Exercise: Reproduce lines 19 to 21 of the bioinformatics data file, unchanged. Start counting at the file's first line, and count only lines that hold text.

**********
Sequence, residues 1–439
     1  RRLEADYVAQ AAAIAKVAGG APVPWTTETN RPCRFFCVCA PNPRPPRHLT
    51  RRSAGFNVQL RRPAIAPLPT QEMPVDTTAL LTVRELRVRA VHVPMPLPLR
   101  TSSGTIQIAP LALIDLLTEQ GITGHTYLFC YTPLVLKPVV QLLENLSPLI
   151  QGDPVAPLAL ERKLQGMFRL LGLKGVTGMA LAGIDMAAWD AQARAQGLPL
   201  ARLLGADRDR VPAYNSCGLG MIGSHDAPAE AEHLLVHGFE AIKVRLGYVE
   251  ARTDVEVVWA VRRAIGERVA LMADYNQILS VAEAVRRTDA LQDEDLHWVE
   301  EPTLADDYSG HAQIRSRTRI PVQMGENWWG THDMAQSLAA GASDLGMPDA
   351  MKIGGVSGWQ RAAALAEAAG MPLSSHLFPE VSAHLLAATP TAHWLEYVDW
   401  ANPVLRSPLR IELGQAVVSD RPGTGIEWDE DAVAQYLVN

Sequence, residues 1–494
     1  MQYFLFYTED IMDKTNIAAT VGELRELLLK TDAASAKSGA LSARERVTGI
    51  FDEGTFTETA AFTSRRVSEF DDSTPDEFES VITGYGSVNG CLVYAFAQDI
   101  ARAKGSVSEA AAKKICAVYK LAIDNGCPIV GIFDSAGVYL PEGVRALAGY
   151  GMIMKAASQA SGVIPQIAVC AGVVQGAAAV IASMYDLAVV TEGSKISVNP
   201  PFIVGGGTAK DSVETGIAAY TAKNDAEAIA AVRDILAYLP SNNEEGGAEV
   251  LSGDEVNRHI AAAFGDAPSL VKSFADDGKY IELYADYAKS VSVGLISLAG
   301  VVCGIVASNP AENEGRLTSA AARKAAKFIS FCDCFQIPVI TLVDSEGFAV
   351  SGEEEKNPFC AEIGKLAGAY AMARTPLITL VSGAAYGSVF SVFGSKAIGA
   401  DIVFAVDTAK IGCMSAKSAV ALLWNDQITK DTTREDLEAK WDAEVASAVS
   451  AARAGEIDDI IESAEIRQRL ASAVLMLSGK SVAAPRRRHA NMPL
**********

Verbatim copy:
   351  SGEEEKNPFC AEIGKLAGAY AMARTPLITL VSGAAYGSVF SVFGSKAIGA
   401  DIVFAVDTAK IGCMSAKSAV ALLWNDQITK DTTREDLEAK WDAEVASAVS
   451  AARAGEIDDI IESAEIRQRL ASAVLMLSGK SVAAPRRRHA NMPL